A writer can never know her audience, nor a reader her book’s author. Have you, Abdur, or have you, any of you, met your idol(s)? It is at once the most exhilarating and dulling experience of one’s career. This idol is less than what you had imagined because they are human, but more than what you had hoped for the same reason. And the way we remember and record these occasions… these accomplishments or regrets, is the way the experience will live on, beyond either of the experiencers. Can you know me through my writing, and can I know you through your asking me to write? Is this a more intimate knowledge of a person than the alternative forms of meeting? Will I ever meet you, and therefore have a way of weighing out the differences between how I have imagined the meeting will go, how it would go if we were to meet, really, and how it went, since we met (have we met?)?
In David Foster Wallace’s essay, “Certainly the End of Something or Other, One would Sort of Have to Think (Re John Updike’s Toward the End of Time),” he notes that “when a solipsist dies… everything goes with him.” And my question: What happens when all the solipsists are gone? Or: What happens when no one is focused enough on their own mind to discover it, since it is no longer in fashion to be so singularly focused? As Baudelaire said in 1847, a character like Samuel Cramer “is more widespread than we think… They identify with the new pattern so well that they almost believe they invented it.”
If this kind of concentrated self-aggrandizing was popular then, what are we now? Has this stain become only less and less soluble? Has it metamorphosized so many times, gathering more impertinence with each emergence, creating, finally, “the Great Mail Narcissists” (GMNs –c/o DFW) of the 1970s, and every new form of popular laziness thereafter? Of course not. Our capacities to piously love and to be loved… to love ourselves first in order to let love in… to love ceaselessly, selflessly… etc, all depends on trend. Each version of vapidity is at one point reviled and at another, celebrated. See, for example, the waxing on about the reviled Updike by the celebrated Foster Wallace. (And by the way, I’ll hold back, for the sake of whatever clarity remains of this fogged-over mirror I’m holding up for you, from drawing similarities between the below tangent and Baudelaire’s on the Romantic writer Walter Scott in the aforementioned novella).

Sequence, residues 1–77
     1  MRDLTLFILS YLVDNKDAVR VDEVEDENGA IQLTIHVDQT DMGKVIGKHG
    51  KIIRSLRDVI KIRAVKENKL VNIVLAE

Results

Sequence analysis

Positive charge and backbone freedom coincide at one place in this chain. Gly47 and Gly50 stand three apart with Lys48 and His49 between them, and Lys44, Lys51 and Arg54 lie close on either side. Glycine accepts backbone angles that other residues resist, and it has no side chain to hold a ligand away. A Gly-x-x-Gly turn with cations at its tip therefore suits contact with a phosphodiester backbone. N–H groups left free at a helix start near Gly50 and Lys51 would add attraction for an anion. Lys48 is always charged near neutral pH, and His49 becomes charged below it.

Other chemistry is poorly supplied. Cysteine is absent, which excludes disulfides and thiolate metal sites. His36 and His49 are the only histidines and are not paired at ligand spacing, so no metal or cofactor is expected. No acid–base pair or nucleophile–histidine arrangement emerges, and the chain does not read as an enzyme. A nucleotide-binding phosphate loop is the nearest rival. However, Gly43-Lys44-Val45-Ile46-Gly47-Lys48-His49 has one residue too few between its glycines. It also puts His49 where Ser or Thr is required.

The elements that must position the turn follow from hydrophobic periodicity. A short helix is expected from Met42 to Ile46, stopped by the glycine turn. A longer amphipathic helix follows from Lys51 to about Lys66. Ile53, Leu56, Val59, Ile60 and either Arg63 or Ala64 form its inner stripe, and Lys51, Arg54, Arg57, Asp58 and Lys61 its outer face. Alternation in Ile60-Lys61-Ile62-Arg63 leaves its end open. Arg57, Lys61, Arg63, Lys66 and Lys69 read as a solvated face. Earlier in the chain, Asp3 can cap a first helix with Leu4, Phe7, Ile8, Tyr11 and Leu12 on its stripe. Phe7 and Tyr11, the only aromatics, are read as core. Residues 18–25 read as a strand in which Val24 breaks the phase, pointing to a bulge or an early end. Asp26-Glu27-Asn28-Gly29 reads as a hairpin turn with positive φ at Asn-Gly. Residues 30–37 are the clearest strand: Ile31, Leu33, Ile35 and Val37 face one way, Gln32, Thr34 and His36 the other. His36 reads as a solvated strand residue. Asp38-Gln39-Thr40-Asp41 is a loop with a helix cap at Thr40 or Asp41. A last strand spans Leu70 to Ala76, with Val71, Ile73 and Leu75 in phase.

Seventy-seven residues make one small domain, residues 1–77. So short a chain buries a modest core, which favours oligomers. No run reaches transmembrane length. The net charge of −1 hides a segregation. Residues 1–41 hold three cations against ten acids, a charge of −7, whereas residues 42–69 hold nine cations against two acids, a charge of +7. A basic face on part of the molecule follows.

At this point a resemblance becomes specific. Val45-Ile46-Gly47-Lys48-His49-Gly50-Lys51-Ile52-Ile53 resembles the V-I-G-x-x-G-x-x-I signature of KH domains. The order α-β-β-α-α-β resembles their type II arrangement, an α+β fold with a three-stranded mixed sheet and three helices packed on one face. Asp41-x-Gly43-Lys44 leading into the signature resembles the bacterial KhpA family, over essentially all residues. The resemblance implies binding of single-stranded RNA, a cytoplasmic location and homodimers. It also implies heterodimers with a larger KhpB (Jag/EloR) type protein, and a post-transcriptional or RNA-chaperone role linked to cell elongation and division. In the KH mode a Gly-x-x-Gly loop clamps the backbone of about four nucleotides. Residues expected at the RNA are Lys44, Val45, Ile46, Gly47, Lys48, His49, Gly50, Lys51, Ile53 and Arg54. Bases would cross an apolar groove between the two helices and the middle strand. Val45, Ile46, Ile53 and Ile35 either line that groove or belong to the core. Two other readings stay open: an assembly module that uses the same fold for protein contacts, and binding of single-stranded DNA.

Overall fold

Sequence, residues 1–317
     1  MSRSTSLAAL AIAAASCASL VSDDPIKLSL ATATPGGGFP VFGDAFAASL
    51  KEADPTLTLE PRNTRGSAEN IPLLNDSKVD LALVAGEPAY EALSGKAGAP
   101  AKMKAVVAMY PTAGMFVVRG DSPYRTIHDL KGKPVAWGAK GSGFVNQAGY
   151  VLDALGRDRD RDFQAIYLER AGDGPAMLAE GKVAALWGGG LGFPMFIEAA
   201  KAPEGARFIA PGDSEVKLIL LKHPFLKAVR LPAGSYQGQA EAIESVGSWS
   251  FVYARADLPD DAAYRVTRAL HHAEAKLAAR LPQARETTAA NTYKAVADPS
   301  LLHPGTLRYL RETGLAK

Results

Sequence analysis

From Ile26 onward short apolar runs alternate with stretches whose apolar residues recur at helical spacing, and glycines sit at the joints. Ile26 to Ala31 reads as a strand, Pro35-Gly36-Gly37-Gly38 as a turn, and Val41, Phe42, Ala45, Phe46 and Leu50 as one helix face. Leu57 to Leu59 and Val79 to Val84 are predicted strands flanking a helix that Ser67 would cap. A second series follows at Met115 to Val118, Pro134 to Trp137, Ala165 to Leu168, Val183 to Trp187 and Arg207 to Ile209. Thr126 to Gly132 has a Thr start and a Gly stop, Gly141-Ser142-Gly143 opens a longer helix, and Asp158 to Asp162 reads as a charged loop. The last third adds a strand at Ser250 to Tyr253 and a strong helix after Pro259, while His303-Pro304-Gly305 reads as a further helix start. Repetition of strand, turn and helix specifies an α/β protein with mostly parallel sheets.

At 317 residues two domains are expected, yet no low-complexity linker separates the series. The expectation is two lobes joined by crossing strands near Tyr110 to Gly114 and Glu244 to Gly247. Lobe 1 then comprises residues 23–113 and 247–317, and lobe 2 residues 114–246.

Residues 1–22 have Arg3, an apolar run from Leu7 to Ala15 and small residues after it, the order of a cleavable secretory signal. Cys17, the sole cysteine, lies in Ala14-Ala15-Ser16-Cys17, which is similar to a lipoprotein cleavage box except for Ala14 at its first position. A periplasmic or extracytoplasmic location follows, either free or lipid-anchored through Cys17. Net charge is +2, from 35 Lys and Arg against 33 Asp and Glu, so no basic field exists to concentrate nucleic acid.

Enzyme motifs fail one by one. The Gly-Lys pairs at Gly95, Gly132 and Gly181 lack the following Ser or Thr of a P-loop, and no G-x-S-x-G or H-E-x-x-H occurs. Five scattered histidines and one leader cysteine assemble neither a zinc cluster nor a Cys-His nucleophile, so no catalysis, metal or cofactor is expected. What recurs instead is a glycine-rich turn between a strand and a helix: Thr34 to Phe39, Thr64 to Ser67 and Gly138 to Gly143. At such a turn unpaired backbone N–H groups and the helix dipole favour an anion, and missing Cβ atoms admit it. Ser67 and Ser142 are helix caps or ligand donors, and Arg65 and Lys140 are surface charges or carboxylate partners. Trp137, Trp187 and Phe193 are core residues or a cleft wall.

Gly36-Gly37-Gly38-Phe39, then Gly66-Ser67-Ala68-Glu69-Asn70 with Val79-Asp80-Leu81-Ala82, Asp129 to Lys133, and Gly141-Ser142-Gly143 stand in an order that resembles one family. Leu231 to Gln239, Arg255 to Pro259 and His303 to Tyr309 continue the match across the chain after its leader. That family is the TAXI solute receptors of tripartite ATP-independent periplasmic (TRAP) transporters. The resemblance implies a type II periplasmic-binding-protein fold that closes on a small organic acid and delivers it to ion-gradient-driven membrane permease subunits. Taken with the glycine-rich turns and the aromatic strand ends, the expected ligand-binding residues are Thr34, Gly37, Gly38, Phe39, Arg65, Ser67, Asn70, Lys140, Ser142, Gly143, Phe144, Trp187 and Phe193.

“John Updike… has for decades been constructing protagonists… who are all clearly stand-ins for Updike himself. They always live in either Pennsylvania or New England, are either unhappily married or divorced, are roughly Updike’s age. Always either the narrator or the point-of-view character, they tend all to have the author’s astounding perceptual gifts; they think and speak in the same effortlessly lush, synesthetic way Updike does. They are also incorrigibly narcissistic, philandering, self-contemptuous, self-pitying… and deeply alone, alone the way only an emotional solipsist can be alone… and, though they are heterosexual to the point of satyriasis, they especially don’t love women. (Unless, of course, you consider delivering long encomiums to a woman’s “sacred several-lipped gateway” or saying things like “…the sight of her plump lips obediently distended around my swollen member, her eyelids lowered demurely, afflicts me with a religious peace” to be the same as loving her.)”
How am I? I’m only as well as my generation’s decided emotional barriers can allow me to be, which is, I think, falling somewhere between the ruthlessness of Romanticism and the self-importance of the MTV generation. But I’m really not that cynical. I am, like I said, only nostalgic for the melodramatic.